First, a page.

What’s the difference between positive discrimination and positive action? Employment Law for Employers
Positive discrimination is unlawful in the UK but positive action isn’t.
What this means is that employers can choose to hire candidates from under-represented groups as long as they are as qualified for the role as other applicants.
You are not allowed to recruit a person purely on the basis of his or her age, disability, gender, race or religion, regardless of their ability to do the job. This would be committing discrimination under the Equality Act. It is also unlawful to set quotas to recruit or promote a specific number of people with a protected characteristic.
There are some exceptions, for example, it would be acceptable for a women’s refuge to require all members of staff to be women (to avoid causing distress to residents), or for a catholic school to require its head teacher and deputy head to be practising Catholics (to maintain the ethos of the school).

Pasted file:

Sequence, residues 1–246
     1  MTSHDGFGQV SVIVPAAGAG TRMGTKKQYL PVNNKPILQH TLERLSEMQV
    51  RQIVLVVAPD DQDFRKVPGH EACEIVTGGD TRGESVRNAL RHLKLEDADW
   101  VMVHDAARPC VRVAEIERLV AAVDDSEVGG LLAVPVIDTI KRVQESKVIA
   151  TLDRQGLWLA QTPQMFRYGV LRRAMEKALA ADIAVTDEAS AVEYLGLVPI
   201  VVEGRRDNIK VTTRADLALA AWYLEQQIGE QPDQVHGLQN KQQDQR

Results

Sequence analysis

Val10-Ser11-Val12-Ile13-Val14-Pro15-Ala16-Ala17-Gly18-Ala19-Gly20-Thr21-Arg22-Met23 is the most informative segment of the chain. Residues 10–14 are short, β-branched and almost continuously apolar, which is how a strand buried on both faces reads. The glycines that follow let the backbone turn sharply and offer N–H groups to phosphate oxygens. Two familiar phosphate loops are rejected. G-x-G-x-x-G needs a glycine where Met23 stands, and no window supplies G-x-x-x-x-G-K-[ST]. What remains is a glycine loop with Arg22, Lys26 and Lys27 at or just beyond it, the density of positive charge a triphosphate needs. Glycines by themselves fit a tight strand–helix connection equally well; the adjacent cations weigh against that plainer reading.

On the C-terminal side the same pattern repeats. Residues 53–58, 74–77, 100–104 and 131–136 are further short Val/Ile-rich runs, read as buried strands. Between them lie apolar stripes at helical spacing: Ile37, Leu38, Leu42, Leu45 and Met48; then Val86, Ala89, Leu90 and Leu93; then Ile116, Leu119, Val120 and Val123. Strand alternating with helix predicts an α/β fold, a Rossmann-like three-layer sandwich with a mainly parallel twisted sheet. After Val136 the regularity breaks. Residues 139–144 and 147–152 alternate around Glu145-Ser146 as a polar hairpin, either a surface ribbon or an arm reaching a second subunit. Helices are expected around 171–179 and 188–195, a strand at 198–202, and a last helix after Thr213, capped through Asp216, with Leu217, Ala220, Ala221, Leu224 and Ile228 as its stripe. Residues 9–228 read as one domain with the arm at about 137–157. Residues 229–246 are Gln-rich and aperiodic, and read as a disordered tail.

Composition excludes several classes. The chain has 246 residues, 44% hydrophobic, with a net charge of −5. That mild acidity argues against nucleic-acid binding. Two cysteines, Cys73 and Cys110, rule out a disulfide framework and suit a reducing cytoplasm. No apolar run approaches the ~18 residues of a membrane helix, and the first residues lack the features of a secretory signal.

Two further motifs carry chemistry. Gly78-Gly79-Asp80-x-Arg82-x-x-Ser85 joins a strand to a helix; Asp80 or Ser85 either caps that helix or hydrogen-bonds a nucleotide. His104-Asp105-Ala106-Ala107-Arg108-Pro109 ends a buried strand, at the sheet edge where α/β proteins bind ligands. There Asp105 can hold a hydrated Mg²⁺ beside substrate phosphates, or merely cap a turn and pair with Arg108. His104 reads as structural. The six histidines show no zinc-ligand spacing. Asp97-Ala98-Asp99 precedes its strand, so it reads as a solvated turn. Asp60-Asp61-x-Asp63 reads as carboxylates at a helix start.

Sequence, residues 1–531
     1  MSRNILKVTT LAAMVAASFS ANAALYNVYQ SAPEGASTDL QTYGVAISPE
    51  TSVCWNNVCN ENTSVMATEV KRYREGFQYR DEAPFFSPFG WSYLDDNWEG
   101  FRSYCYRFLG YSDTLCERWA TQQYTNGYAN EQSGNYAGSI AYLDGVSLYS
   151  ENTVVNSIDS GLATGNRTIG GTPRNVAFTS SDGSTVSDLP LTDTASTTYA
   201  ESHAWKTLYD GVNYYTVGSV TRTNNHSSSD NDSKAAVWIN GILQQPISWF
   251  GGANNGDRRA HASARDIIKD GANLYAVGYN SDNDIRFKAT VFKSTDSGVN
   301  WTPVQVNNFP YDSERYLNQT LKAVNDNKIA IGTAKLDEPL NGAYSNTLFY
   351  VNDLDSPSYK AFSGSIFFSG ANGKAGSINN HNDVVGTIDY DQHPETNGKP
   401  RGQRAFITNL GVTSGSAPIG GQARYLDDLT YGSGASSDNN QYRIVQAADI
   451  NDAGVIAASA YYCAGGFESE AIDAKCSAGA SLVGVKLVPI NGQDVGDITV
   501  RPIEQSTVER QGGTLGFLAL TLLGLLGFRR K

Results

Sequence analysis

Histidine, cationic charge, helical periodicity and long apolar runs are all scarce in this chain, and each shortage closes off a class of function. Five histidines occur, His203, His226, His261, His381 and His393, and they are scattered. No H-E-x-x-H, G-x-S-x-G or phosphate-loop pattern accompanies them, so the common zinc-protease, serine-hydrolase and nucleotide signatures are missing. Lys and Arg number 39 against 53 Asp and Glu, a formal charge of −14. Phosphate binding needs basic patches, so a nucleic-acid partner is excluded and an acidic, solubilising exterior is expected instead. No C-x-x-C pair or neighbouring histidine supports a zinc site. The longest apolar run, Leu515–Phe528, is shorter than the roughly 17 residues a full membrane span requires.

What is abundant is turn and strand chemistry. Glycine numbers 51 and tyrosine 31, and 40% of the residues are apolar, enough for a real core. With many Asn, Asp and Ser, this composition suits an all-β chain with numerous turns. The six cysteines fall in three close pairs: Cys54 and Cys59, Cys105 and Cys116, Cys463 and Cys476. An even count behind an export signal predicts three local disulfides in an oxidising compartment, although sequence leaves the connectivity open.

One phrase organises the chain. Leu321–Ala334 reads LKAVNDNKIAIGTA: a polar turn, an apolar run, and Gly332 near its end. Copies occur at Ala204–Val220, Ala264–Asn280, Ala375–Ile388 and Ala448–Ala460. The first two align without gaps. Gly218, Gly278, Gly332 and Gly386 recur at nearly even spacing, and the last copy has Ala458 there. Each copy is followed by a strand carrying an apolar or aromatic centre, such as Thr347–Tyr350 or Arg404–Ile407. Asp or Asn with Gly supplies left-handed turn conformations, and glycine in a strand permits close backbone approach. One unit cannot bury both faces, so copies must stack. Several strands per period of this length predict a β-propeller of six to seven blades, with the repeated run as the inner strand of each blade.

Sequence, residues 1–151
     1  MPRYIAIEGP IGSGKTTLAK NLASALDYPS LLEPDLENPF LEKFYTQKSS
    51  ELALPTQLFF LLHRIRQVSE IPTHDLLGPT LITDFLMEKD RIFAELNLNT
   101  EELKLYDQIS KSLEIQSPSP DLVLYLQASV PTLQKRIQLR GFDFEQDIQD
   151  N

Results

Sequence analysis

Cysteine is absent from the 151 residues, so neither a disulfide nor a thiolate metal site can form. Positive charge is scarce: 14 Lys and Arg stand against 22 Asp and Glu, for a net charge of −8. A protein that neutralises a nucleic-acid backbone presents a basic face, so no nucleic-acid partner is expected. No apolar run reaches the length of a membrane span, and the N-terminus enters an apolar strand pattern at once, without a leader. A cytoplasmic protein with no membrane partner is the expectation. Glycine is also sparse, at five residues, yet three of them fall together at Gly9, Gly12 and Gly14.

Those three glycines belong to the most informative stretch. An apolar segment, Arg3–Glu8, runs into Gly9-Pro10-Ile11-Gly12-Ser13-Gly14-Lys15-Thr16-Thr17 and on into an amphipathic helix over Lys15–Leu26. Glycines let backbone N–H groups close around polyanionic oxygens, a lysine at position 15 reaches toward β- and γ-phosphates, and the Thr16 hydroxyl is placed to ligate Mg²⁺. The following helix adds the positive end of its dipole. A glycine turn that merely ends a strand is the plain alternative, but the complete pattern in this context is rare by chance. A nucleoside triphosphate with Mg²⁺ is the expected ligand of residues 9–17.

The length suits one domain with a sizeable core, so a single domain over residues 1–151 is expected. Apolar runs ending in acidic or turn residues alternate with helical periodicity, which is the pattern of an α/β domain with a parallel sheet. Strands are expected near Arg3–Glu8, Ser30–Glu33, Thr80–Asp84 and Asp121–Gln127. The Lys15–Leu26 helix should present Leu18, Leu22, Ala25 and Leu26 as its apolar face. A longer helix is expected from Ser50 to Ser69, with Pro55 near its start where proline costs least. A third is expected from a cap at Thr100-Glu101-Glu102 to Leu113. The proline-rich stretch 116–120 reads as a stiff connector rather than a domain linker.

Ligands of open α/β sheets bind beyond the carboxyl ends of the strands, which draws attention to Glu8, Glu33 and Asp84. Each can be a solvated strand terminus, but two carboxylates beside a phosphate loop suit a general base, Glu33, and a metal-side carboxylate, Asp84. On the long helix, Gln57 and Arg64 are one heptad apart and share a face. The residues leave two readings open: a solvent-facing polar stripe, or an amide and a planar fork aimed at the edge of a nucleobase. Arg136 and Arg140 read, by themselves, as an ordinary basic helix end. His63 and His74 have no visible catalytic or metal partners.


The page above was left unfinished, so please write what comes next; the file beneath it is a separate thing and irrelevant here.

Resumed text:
Organisations are allowed to take positive action, which could include encouraging people from particular ethnic backgrounds to apply for jobs, but the decision on who to select must be made on merit alone.
The rule of thumb from a legal perspective is that any positive action taken must be proportionate, or appropriate, to achieve what it is setting out to achieve without resulting in people without the relevant characteristic being treated less favourably.